"The Cease and Desist letter YouTube’s law firm sent to TechCrunch adds an interesting twist here as it puts YouTube in the position of trying to work against the widely available methods for downloading YouTube movies and retaining local, offline copies. Best way to locate alternatives? Google, which of course now owns YouTube. Will Google send itself a cease & desist letter for linking to pages of directions on how to do this?"

Web 2.0 Journal will continue to follow the discussion.

More Stories By Jeremy Geelan

Jeremy Geelan is Chairman & CEO of the 21st Century Internet Group, Inc. and an Executive Academy Member of the International Academy of Digital Arts & Sciences. Formerly he was President & COO at Cloud Expo, Inc. and Conference Chair of the worldwide Cloud Expo series. He appears regularly at conferences and trade shows, speaking to technology audiences across six continents. You can follow him on twitter: @jg21.

Comments (3) View Comments

Share your thoughts on this story.

Add your comment
You must be signed in to add a comment. Sign-in | Register

In accordance with our Comment Policy, we encourage comments that are on topic, relevant and to-the-point. We will remove comments that include profanity, personal attacks, racial slurs, threats of violence, or other inappropriate material that violates our Terms and Conditions, and will block users who make repeated violations. We ask all readers to expect diversity of opinion and to treat one another with dignity and respect.


Most Recent Comments
Oddity 11/21/06 05:01:02 AM EST

>> I wonder how Adobe's shareholders feel
>> about the company styling itself a Web 2.0
>> company?

Major company insiders have purchased very little stock recently.

quezztion 11/21/06 04:58:38 AM EST

I wonder how Adobe's shareholders feel about the company styling itself a Web 2.0 company?

Caveat Emptor 11/21/06 04:51:40 AM EST

Surely the issue here is that if it looks like a Web 2.0 company, walks like a Web 2.0 company, and quacks like a Web 2.0 company...then ditch its stock fast and run for the hills!!! ;-)

@ThingsExpo Stories
SYS-CON Events announced today that HPM Networks will exhibit at the 17th International Cloud Expo®, which will take place on November 3–5, 2015, at the Santa Clara Convention Center in Santa Clara, CA. For 20 years, HPM Networks has been integrating technology solutions that solve complex business challenges. HPM Networks has designed solutions for both SMB and enterprise customers throughout the San Francisco Bay Area.
For IoT to grow as quickly as analyst firms’ project, a lot is going to fall on developers to quickly bring applications to market. But the lack of a standard development platform threatens to slow growth and make application development more time consuming and costly, much like we’ve seen in the mobile space. In his session at @ThingsExpo, Mike Weiner, Product Manager of the Omega DevCloud with KORE Telematics Inc., discussed the evolving requirements for developers as IoT matures and conducted a live demonstration of how quickly application development can happen when the need to comply wit...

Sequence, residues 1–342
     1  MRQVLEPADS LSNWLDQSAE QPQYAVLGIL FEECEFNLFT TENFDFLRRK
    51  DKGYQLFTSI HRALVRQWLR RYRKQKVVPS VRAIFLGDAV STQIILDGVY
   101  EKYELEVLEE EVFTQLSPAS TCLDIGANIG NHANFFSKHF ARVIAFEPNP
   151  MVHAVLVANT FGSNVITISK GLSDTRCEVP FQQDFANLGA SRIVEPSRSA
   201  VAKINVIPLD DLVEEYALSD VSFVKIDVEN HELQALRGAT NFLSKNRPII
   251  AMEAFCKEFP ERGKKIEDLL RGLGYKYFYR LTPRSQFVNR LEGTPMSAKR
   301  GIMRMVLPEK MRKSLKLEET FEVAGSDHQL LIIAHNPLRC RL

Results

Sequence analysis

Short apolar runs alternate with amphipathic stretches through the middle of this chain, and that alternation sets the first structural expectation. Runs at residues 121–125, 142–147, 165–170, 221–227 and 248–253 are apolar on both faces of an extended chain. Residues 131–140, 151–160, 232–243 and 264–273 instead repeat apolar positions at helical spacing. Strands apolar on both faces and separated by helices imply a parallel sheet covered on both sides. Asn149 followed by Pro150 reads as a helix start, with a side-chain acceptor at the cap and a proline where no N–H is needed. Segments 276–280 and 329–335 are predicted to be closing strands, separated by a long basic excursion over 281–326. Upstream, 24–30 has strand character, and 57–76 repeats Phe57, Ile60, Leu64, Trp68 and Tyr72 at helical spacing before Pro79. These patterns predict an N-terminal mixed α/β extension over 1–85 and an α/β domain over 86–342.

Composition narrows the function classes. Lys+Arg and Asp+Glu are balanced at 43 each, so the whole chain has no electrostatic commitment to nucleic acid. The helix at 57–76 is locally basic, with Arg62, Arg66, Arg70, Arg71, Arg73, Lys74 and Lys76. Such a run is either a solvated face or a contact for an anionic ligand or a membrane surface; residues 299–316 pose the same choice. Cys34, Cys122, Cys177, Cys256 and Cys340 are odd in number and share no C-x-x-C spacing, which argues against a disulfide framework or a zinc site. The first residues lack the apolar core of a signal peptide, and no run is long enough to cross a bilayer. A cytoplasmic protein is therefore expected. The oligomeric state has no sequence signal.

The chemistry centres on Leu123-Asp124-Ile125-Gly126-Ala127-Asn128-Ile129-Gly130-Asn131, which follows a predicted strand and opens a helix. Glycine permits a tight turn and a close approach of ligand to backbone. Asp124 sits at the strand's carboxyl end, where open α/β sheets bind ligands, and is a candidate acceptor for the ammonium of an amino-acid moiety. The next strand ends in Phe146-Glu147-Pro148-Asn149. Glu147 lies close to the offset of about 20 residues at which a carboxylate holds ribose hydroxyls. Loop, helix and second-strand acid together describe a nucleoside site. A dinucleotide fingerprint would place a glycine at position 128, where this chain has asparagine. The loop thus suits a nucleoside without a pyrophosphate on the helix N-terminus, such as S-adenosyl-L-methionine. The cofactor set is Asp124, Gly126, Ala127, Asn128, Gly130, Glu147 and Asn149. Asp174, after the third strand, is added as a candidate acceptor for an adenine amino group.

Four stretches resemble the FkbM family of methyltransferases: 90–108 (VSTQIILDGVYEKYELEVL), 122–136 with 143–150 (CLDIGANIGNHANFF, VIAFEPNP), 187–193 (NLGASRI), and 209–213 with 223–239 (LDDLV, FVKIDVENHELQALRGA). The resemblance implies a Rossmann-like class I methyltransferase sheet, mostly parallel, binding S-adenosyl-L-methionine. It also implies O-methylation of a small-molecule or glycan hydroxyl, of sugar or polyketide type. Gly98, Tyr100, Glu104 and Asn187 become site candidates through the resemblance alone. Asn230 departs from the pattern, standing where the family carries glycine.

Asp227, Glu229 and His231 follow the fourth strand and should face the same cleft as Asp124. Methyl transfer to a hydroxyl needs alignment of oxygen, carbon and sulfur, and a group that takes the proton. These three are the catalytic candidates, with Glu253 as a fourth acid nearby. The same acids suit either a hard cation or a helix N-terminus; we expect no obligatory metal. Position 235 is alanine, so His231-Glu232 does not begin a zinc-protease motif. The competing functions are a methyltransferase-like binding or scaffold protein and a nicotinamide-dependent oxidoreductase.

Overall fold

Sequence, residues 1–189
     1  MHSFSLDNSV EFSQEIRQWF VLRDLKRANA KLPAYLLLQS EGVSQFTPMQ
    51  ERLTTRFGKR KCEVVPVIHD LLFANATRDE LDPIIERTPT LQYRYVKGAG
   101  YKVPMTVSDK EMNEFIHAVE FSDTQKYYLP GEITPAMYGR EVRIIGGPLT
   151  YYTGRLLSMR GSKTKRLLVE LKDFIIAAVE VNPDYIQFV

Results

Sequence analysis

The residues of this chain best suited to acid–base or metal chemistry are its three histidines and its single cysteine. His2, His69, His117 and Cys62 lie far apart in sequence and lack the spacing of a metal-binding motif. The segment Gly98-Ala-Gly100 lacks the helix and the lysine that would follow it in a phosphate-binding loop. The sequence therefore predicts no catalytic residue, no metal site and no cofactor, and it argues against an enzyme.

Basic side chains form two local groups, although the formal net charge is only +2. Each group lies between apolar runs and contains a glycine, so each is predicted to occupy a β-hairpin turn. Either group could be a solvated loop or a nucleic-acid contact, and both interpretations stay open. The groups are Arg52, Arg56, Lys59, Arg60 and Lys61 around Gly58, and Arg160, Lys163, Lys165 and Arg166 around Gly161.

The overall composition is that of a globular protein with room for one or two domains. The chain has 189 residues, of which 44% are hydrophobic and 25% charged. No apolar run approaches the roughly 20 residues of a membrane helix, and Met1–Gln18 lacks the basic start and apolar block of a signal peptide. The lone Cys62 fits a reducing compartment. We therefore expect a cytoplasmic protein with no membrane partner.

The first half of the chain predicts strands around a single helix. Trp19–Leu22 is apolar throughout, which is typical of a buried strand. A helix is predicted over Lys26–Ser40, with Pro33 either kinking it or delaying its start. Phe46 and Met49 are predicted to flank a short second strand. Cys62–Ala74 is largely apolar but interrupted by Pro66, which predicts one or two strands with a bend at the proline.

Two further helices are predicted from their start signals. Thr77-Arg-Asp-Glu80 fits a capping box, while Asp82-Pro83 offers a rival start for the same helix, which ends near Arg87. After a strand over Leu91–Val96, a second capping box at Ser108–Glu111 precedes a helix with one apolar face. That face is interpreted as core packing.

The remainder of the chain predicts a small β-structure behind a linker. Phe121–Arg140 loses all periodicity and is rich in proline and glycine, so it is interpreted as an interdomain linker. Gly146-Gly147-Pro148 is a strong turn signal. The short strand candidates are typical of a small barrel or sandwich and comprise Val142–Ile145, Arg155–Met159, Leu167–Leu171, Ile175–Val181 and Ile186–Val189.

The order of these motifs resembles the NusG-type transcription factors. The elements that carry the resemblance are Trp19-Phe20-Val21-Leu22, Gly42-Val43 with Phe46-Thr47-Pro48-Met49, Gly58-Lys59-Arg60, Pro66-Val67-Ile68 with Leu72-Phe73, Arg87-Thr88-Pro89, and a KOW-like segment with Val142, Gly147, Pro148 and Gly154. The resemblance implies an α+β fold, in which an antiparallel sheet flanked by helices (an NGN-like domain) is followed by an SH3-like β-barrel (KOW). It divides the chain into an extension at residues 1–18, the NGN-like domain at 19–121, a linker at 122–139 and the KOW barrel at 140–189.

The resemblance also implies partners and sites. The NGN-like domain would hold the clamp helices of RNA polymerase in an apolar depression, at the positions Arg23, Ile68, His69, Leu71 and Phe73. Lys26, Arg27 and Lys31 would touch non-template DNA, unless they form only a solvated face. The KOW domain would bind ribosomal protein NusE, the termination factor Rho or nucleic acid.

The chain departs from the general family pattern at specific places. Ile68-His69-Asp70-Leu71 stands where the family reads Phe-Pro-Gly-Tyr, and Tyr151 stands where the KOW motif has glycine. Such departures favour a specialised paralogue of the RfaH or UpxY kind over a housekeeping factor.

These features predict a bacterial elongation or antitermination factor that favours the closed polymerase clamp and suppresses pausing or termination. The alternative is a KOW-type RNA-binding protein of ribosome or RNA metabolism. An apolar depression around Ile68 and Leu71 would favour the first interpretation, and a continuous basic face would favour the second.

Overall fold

The Internet of Everything (IoE) brings together people, process, data and things to make networked connections more relevant and valuable than ever before – transforming information into knowledge and knowledge into wisdom. IoE creates new capabilities, richer experiences, and unprecedented opportunities to improve business and government operations, decision making and mission support capabilities.
Explosive growth in connected devices. Enormous amounts of data for collection and analysis. Critical use of data for split-second decision making and actionable information. All three are factors in making the Internet of Things a reality. Yet, any one factor would have an IT organization pondering its infrastructure strategy. How should your organization enhance its IT framework to enable an Internet of Things implementation? In his session at @ThingsExpo, James Kirkland, Red Hat's Chief Architect for the Internet of Things and Intelligent Systems, described how to revolutionize your archit...
MuleSoft has announced the findings of its 2015 Connectivity Benchmark Report on the adoption and business impact of APIs. The findings suggest traditional businesses are quickly evolving into "composable enterprises" built out of hundreds of connected software services, applications and devices. Most are embracing the Internet of Things (IoT) and microservices technologies like Docker. A majority are integrating wearables, like smart watches, and more than half plan to generate revenue with APIs within the next year.
Growth hacking is common for startups to make unheard-of progress in building their business. Career Hacks can help Geek Girls and those who support them (yes, that's you too, Dad!) to excel in this typically male-dominated world. Get ready to learn the facts: Is there a bias against women in the tech / developer communities? Why are women 50% of the workforce, but hold only 24% of the STEM or IT positions? Some beginnings of what to do about it! In her Opening Keynote at 16th Cloud Expo, Sandy Carter, IBM General Manager Cloud Ecosystem and Developers, and a Social Business Evangelist, d...
In his keynote at 16th Cloud Expo, Rodney Rogers, CEO of Virtustream, discussed the evolution of the company from inception to its recent acquisition by EMC – including personal insights, lessons learned (and some WTF moments) along the way. Learn how Virtustream’s unique approach of combining the economics and elasticity of the consumer cloud model with proper performance, application automation and security into a platform became a breakout success with enterprise customers and a natural fit for the EMC Federation.
The Internet of Things is not only adding billions of sensors and billions of terabytes to the Internet. It is also forcing a fundamental change in the way we envision Information Technology. For the first time, more data is being created by devices at the edge of the Internet rather than from centralized systems. What does this mean for today's IT professional? In this Power Panel at @ThingsExpo, moderated by Conference Chair Roger Strukhoff, panelists addressed this very serious issue of profound change in the industry.